If you want to arrive in a far-flung destination rested and ready to go, you’ll need to master the art of getting good sleep on overnight flights.
[st_content_ad]While it may seem like an impossible task, there are ways to improve your sleep quality on long-haul flights. Here are nine simple tips—from what to wear, to how you can trick your mind and body into sleeping upright—that will have you snoozing like a jetsetter on your next long flight.
Sleep Better on Overnight Flights
Wear Sleep-Appropriate Attire
You don’t have to go full-pajama, but do opt for clothing that’s non-binding and breathable for an overnight flight. There’s nothing like a tight waistband digging into your side to keep you awake on a plane. Be sure to layer so you can adjust your temperature easily by adding or shedding items of clothing.
Make Time for Relaxation Before Boarding
Most airports offer ways to relax before you board. More than 53 airports, for instance, have XpresSpa, where you can book a massage or spend some time in a massage chair. Milking the benefits of “massage brain” can help you get into the sleep spirit even before you board. A few airports have yoga rooms where you can do some relaxing stretches. If you can’t find any of these options you can find a quiet corner of the boarding gate and stretch a bit and listen to a guided relaxation before you board.
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If you are one of those mysterious unicorns who can fall and stay asleep under any conditions, skip this section. If you’re like the rest of us, though, you’ll likely need a little help convincing your body that sleeping upright on overnight flights is OK. There’s an option for everyone—people who prefer the all-natural, non-pharmaceutical route can opt for melatonin or Dream Water. Passengers who want to dabble in sleepiness without committing to an actual sleeping pill can try an antihistamine, or a motion sickness medication like Dramamine, which have the known side effect (for most people) of drowsiness. People who want to commit to a sleeping pill on long-haul flights have options like Unisom (my personal favorite), and people who aren’t worried about going all Ambien Cookbook can get a prescription for something even stronger.
Clear Your Leg Room
In economy class, your personal space isn’t much larger than the boundaries of your skin, so you need to make the most of every centimeter. Rather than try to stretch out around the bag you’ve stowed under the seat in front of you, take what you need out of the bag and tuck it into the overhead bin (if there’s room). This way, you can stretch out a bit more and minimize your chances of being awoken by painful leg cramps on overnight flights.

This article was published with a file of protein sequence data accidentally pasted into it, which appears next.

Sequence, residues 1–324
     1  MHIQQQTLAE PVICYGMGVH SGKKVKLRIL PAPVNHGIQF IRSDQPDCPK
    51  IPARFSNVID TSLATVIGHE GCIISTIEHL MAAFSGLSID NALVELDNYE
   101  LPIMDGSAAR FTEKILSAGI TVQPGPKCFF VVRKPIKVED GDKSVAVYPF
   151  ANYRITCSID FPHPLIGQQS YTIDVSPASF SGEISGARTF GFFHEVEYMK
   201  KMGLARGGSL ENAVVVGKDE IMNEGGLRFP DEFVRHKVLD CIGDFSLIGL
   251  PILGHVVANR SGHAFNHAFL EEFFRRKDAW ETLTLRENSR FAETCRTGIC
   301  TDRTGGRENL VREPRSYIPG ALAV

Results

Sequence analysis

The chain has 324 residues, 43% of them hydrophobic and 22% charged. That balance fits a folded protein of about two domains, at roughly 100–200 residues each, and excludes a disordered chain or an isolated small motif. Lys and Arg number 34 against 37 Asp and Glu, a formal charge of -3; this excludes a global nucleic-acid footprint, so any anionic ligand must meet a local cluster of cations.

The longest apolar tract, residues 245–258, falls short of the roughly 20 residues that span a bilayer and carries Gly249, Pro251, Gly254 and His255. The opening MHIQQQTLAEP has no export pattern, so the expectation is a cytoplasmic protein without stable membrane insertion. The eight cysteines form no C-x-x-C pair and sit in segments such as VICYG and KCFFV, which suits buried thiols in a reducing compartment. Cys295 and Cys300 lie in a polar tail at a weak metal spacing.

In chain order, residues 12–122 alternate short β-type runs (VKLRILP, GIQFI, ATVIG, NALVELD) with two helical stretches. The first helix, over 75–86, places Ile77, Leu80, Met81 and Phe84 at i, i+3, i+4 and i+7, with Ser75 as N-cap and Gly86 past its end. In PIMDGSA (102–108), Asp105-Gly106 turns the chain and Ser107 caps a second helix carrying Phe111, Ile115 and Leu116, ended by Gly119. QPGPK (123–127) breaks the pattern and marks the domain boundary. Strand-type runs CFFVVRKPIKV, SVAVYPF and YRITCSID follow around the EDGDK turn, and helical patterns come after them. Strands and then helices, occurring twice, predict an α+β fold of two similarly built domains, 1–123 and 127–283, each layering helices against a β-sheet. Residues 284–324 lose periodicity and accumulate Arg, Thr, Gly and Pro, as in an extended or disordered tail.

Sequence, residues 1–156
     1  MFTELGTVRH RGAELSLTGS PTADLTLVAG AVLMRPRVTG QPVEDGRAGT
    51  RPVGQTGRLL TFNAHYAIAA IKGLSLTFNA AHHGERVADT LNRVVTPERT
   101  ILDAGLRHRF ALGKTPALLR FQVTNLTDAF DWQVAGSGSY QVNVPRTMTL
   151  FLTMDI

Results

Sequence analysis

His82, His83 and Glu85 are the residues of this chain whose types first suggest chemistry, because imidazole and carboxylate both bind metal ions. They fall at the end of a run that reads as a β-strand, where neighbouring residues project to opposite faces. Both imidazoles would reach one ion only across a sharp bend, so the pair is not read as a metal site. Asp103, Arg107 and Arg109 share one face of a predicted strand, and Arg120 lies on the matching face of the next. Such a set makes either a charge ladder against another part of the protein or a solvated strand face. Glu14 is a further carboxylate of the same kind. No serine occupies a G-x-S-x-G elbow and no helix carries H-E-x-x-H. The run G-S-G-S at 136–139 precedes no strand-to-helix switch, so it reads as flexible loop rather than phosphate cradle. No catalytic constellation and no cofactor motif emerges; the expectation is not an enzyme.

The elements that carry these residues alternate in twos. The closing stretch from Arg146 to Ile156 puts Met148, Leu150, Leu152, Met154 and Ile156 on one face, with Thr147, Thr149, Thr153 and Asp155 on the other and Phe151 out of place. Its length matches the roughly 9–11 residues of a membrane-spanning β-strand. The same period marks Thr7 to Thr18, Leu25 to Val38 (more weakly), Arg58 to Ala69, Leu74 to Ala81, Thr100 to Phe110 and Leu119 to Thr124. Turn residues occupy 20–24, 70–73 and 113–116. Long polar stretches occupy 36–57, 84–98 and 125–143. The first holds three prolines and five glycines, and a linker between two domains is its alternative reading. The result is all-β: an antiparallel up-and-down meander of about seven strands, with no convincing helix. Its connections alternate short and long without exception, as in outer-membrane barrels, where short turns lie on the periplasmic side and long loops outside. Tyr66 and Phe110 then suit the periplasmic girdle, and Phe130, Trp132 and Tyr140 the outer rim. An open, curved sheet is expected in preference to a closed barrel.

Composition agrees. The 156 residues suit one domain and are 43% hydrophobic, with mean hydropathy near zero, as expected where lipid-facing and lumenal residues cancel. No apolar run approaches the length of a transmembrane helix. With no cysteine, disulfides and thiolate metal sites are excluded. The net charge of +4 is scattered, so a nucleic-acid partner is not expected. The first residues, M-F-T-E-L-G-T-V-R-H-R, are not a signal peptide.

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Make Sure Your Feet Are Warm Enough
Except when they’re too hot, plane cabins are too cold—especially close to the floor. If you’re planning on sleeping on an overnight flight, you’re probably going to take your shoes off. And if you take your shoes off, you’ll want to have clean feet and fresh socks, plus an extra pair of slippers for added insulation.
Bring an Extra Blanket
Most airlines include a freshly cleaned and shrink-wrapped blanket on each seat of an overnight flight. But those blankets won’t usually cover a whole person. Use the airline blanket to cover your bottom half, being sure to tuck in your feet for maximum warmth. Bring a blanket or scarf to cover your top half. A major benefit of this half-and-half approach is that it leaves your seatbelt visible so a flight attendant won’t have to wake you up to check it’s buckled during turbulence.
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Find Ways to Replicate Your Routine
For the last three decades, the last thing I do before closing my eyes is take a sip of water, put on lip balm, and slather my hands in lotion. When I’m on a long-haul flight, I use this behavior pattern to help my body understand that, while there’s no bed in sight, it’s still time for sleep. Harness your own personal routine by creating a to-go version of the things you do to signal sleep to your mind and body.
Turn Off the Screen
Before you snooze on overnight flights, dim or turn off the seatback screen. If I’ve learned anything from years of reviewing jetlag remedies and learning about sleep disorders, it’s that the blue light cast from screens is a total sleep killer. Getting rid of it is an easy way to create a sleep atmosphere, and you won’t bother your seatmates with the blue glow, either.
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Create Your Sleep Space
On overnight flights, I create an insular world for sleep by using a sleep mask to block out light, and Sleep Phones—headphones tucked into a headband that sit flat on the outside of your ears. I then put on relaxing music or white noise (or the irresistibly soporific British Shipping Forecast). Pair this combo with your favorite travel pillow, recline your seat a bit, and you have set the stage for as restful a night as you can expect on a flight. Sweet dreams.
More from SmarterTravel:
- 10 Ways to Survive a Long-Haul Flight
- Sleeping on Planes: 13 Tips for Travelers
- The 15 Best Airplane Books for Long Flights
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